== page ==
On June 19, Uganda joined the rest of the world to commemorate World Sickle Cell Day under the theme “Break the Silence, Let’s Care”. This day is especially commemorated and dedicated to promoting increase public knowledge and raise awareness of sickle cell disease while highlighting the challenges faced by the people living with the condition.
Sickle cell disease causes progressive organ damage and episodes of severe pain and acute illness. These episodes result from the sticky and stiff red blood cells which clog tiny blood vessels.
In Africa, Uganda has the fifth highest sickle cell burden and this condition affects every tribe, religion and social class. Sadly, the greatest majority of our population is not aware. The Ministry of Health indicated that 13.5% of our population is carriers of this condition.
The prevalence of the condition varies by region and district. Being a carrier means that a person has a chance of having a child with sickle cell if they have a baby with another carrier. Such unions continue to add to the sickle cell burden in Uganda.
This means that every one, has a responsibility to know their sickle cell status.Couples should be encouraged to take a sickle cell test.
Knowing your sickle cell type and making conscious decision in regards to choosing one’s husband/wife can result in a sickle cell disease free society. Screening is the first step in breaking the cycle of sickle cell disease. Persons with sickle cell trait should have counseling in order to better understand this.
Currently about 25,000 babies are born with sickle cell disease every year. Up to 80% of those born will die before their fifth birthday without proper medical care. We know from the developed world that newborn screening, penicillin prophylaxis, and comprehensive care are associated with a 70% reduction in early deaths from sickle cell disease.
However, these are yet to be effectively replicated in Uganda. The Ministry of Health has already rolled out newborn screening in high burden areas, but uptake is still low. As parents, it’s our responsibility to request a sickle cell test when our babies have been born.Early diagnosis and treatment saves lives.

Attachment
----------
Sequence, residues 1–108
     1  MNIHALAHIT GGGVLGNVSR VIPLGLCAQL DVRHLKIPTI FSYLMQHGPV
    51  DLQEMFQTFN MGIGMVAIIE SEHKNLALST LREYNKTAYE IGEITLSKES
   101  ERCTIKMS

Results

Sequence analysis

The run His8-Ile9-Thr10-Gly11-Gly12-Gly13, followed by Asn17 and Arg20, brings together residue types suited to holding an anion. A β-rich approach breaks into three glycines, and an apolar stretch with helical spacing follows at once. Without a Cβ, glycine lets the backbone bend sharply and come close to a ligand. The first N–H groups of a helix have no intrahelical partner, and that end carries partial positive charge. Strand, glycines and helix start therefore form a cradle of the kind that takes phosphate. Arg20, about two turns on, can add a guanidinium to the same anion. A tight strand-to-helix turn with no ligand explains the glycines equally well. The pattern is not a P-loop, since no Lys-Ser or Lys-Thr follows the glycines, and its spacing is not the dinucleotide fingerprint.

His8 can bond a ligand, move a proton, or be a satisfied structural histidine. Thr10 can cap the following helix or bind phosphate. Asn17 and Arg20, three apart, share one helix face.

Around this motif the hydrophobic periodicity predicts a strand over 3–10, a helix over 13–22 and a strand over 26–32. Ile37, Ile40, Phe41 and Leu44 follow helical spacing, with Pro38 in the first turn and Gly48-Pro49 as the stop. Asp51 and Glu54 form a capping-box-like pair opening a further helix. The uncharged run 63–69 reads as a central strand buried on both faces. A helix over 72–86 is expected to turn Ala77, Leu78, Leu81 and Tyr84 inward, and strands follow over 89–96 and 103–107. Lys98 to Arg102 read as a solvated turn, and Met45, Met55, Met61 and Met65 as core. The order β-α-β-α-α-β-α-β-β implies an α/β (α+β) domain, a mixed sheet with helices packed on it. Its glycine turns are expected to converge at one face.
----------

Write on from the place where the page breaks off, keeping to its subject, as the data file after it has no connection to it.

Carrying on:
After newborn screening, comprehensive care is required to be able to holistically manage and care for people living with sickle cell. However, this is still a challenge across the country because the numbers of specialized sickle cell clinics is still very low.
As organizations working in the sickle cell space,we need to work hand in hand with the Ministry of health to support the establishment of sickle cell clinics in a sustainable manner. In the same spirit, the Ministry of Health with the team of researchers from Makerere University shared results from a Hydroxyurea study, where they highlighted that this drug is safe in Uganda.
However, that drug is not yet supplied by the Government and the market cost is very prohibitive. As we commemorate this day, we need to remind the government of the need to avail hydroxyurea to the thousands of Ugandans living with sickle cell disease. Every child deserves a chance to have a productive life. Early diagnosis with prescribed medical care can offer that possibility.
With just some basic early health care and regular follow up. Babies could have a chance Babies don’t have to die. This will ensure that people living with sickle cell will become productive members of society, having families, jobs and contributing to the development of Uganda.
But as a community we have to first care and provide a supportive environment for our families struggling with not so much the disease but barriers created by an uncaring society.
This year’s theme “Break the Silence, Lets Care”, especially highlights two important aspects in the fight against sickle cell disease. First, breaking the silence and the need for awareness. The Uganda Sickle Cell Rescue Foundation, working with Buganda Kingdom and Ministry of Health have utilized the Kabaka’s birthday run to raise awareness. However, more needs to be done. We are still faced with issues where schools refuse to admit students because of sickle cell and cases where husbands still blame their wives for bringing sickle cell into their homes. This therefore calls for concerted efforts to increase awareness of this condition in Ugandan communities.
Secondly “Let’s Care”. Living with sickle cell disease is worsened by limited and hard to access formal support programs to help patients and families cope with the physical and psychosocial burden of sickle cell. People living with sickle cell are stigmatized and suffer discrimination from others who do not understand the disease. This results in the person who lives with sickle cell to be isolated from family and the entire community.
In a recent study conducted by the Uganda Sickle Cell Rescue Foundation with researchers from Clarke International University, 68.7% of the people interviewed said they cannot marry a person with sickle cell.
Sickle Cell disease is not contagious. A person cannot get it through sex or interacting with someone who has it. This stigma is also fueled by labeling people with sickle cell as “sicklers”.This perpetuates the stigma unjustifiably associated with the disease. Clearly, this is a big problem.
As we commemorate this World Sickle Cell day, let us show some compassion to people living with sickle cell. Let us all avoid the stigma and discrimination. Above all, let us all take a sickle cell test today.
If you know someone with sickle cell give them a hug, get to know them as the warriors they truly are.
The writer is a person living with Sickle Cell disease and is the Executive Director of Uganda Sickle Cell Rescue Foundation.
Sharifu Kiragga Tusuubira